Urine testing may be as effective as the smear test at preventing cervical cancer, according to new research by University of Manchester scientists.
The study, led by Dr. Emma Crosbie and published in BMJ Open, found that urine testing was just as good as the cervical smear at picking up high-risk human papillomavirus (HPV), the virus that causes cervical cancer.
The research team say a urine test could help increase the numbers of women who are screened for cervical cancer, which affects more than 3,000 women every year in the UK.
The research was supported by the Manchester NIHR Biomedical Research Centre.
Urine testing could also have a role in the developing world, where cervical cancer is up to 15 times more common and smear testing largely non-existent.
The NHS cervical screening programme tests for so called ‘high-risk’ types of human papillomavirus (HPV) and the health of the cells of the cervix in women who test high-risk HPV positive.
Around one in 20 women show abnormal changes which might go on to become cancer and are referred for colposcopy, where the cervix is examined under magnification, allowing abnormal areas to be seen, sampled and treated, before they ever cause cancer.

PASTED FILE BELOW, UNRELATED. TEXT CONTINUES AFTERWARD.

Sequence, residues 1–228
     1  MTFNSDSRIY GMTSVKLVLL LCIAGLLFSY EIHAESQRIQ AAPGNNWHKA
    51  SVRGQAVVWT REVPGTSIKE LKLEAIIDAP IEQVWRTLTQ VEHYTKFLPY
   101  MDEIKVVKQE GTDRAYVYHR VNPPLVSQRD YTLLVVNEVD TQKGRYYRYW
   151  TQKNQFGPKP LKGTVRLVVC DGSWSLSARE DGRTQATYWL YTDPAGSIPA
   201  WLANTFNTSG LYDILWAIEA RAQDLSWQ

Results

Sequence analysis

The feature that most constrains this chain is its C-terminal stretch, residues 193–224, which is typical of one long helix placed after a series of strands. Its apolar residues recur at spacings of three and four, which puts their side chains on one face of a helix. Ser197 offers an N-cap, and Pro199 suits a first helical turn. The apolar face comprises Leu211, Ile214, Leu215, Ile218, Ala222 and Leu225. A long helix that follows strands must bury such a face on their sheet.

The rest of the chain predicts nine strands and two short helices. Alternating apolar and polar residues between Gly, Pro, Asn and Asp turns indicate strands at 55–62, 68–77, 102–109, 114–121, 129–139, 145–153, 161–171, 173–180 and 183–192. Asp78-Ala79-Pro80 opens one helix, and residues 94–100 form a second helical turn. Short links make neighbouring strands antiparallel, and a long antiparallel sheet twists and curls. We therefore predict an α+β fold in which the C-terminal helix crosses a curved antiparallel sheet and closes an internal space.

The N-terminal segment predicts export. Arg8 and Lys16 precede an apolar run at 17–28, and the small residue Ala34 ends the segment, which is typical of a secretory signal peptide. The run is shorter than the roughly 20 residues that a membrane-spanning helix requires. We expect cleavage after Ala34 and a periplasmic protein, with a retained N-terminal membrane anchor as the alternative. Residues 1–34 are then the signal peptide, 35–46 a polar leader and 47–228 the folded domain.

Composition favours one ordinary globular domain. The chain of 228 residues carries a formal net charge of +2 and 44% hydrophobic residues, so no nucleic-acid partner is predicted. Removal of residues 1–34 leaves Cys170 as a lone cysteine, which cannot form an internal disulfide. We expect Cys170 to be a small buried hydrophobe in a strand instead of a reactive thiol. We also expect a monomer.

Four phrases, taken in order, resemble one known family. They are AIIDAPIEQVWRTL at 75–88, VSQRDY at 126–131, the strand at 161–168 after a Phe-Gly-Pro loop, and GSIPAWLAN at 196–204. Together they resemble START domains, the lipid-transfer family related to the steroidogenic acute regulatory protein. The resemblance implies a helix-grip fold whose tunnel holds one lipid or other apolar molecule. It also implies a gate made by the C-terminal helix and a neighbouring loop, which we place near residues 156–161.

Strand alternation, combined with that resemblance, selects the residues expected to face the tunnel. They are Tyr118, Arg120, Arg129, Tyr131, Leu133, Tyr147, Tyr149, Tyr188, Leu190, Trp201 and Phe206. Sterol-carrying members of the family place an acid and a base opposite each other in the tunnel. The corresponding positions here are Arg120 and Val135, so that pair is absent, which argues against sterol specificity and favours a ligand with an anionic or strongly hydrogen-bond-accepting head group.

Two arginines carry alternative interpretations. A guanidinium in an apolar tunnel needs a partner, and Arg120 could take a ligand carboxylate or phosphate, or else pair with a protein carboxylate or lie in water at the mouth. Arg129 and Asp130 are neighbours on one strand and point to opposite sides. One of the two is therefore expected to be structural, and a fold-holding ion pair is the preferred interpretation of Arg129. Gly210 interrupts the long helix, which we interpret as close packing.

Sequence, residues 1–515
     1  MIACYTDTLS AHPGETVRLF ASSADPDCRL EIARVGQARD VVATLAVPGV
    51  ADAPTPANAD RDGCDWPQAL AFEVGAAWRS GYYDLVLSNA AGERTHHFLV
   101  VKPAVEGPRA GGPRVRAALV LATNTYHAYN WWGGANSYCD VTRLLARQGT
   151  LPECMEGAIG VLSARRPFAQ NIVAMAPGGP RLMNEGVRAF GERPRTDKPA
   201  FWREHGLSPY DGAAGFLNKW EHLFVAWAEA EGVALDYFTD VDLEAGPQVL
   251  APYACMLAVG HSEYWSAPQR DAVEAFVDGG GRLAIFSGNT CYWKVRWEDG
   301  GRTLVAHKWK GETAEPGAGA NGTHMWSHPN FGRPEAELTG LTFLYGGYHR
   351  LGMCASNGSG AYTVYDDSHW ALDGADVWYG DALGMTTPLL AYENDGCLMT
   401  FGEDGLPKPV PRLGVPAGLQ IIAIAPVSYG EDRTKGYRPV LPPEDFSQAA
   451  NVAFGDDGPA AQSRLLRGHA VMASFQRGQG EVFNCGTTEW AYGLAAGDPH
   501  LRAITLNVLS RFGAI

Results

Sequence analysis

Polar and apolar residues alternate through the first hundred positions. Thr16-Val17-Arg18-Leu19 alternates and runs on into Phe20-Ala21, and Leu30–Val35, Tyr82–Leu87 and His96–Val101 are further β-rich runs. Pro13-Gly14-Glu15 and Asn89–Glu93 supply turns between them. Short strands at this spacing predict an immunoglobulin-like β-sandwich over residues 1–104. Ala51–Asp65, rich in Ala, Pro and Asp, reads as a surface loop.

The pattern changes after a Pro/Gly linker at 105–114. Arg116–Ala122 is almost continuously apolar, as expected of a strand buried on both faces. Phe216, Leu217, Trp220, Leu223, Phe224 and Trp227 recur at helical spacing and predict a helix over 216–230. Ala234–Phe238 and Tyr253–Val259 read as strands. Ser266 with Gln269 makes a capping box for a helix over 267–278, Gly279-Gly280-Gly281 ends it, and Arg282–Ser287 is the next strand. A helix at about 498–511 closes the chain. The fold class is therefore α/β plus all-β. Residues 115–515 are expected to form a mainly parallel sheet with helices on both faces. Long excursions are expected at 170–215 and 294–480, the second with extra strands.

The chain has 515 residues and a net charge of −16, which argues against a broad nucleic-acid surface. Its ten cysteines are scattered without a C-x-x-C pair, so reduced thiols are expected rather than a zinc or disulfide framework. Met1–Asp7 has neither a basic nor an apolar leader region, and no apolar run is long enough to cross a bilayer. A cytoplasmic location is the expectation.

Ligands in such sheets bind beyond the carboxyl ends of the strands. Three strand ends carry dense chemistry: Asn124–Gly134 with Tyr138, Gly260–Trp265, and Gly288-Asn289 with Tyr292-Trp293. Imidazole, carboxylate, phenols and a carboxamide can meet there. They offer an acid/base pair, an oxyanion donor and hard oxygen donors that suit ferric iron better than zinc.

According to the team, cervical smear samples, self-collected vaginal samples and urine samples are all effective at picking up high risk HPV infection.
Cervical cancer is most common in women aged 30 to 35 years. But the precancerous stage is detectable in the five to 10 years before this, when up to a third of women fail to attend for their smear test.
“We’re really very excited by this study, which we think has the potential to significantly increase participation rates for cervical cancer screening in a key demographic group,” said Dr. Emma Crosbie.
“Many younger women avoid the NHS cervical cancer screening programme because they find it embarrassing or uncomfortable, particularly if they have gynaecological conditions like endometriosis.”
Source: Medical Xpress